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De Quervain’s Tenosynovitis

De Quervians TenosynovitisDo you think you have De Quervain’s Tenosynovitis?

I seem to have had a few patients come in complaining of a wrist pain at the base of their thumbs, especially with grasping and holding items in their hand. The condition causing the wrist pain for these patients is likely to be de Quervain’s Tenosynovitis.

So what are the symptoms, causes and treatment options if you think you have de Quervain’s Tenosynovitis. Take a look at the de Quervain’s disease information below on what more I found out today about this inflammatory condition of the wrist.

History of De Quervain Tenosynovitis

Swiss surgeon, Fritz de Quervain, in 1895 published 5 case reports of his patients with wrist pain. The paper was called “On A Form Of Chronic Tendovaginitis”. He found that they had a tender, thickened first dorsal compartment at the wrist. It was from this paper the musculoskeletal wrist condition was subsequently named, De Quervain tenosynovitis.

A funny fact is Dr. de Quervain credits another doctor, Dr. Kocher, with the first description of the wrist pain condition and its first surgical treatment ¹. However, Dr. de Quervain is the famous one.

De Quervian’s is also referred to, by some, as De Quervian’s Disease, De Quervian’s Tendonitis, De Quervian’s Stenosing Tendovaginitis & De Quervian’s Syndrome

Anatomy of De Quervain’s

So what anatomy in your body is causing this wrist pain. The two culprits are the tendons of the abductor pollicis longus (APL) and the extensor pollicis brevis(EPB)muscles.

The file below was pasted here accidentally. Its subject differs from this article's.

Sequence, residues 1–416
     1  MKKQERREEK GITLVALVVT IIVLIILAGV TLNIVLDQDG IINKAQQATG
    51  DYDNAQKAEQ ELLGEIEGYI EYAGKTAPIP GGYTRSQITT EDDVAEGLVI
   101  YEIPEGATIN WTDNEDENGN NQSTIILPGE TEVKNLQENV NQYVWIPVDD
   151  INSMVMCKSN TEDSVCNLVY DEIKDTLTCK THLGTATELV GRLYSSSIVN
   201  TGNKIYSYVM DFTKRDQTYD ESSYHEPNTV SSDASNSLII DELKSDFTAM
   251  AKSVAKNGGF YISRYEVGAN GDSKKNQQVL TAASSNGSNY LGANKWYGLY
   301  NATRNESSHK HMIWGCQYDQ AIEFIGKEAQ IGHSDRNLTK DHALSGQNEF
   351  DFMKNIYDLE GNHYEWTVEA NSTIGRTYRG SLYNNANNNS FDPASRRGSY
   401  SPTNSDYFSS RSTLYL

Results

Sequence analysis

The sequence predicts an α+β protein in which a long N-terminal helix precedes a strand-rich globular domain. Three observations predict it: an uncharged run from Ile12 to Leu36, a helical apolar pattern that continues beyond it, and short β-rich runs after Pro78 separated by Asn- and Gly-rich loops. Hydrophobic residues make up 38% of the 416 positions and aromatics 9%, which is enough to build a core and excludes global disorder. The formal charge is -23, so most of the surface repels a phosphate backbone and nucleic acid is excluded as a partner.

So the APL and EPB tendon sheaths become inflammed and cause the pain over the area of the wrist called the first dorsal compartment. It is called the first dorsal because your thumb is the numbered as the first finger on your hand. It is very close to the anatomical “snuff box”.

A septum separating the first dorsal compartment into distinct sub-compartments for the abductor pollicis longus tendons and the extensor pollicis brevis tendon is often noted at surgery.

Tenosynovitis?

The first thing you are probably wondering is what is a tenosynovitis?

De Quervian’s Tenosynovitis is an inflammation of the synovium of the tendon sheath. The synovium is a lining of the sheath that protects and covers the tendons. So again, the cause of the Tenosynovitis is inflammation. The source of the inflammation is likely to be unknown, or it can be a result of repetitive strain injury (overuse), trauma or an infection. Most cases of de Quervain’s Tenosynovitis are idiopathic (unknown cause).

The tendon is inside of the tendon sheath. So De Quervian’s is not a tendonitis. This means in medical terms it should not really be called De Quervian’s Tendonitis.

By definition a tendonitis is symptomatic degeneration of the tendon with vascular disruption due to a partial rupture of the fibers. This is not the case with De Quervian’s Tenosynovitis.

Symptoms of De Quervain’s

The main symptom of de Quervain’s Tenosynovitis is pain. The pain would be over the wrist at the base of the thumb. Sometimes another symptom of a chronic de Quervain’s tenosynovitis is that the first dorsal compartment, over the radial styloid, becomes thickened and can be seen as a raised bump.

Patients may explain it as being very sore to pick things up, excruciating pain trying to lift a coffee cup, cannot pinch fingers together or a deep ache at the base of their thumbs etc…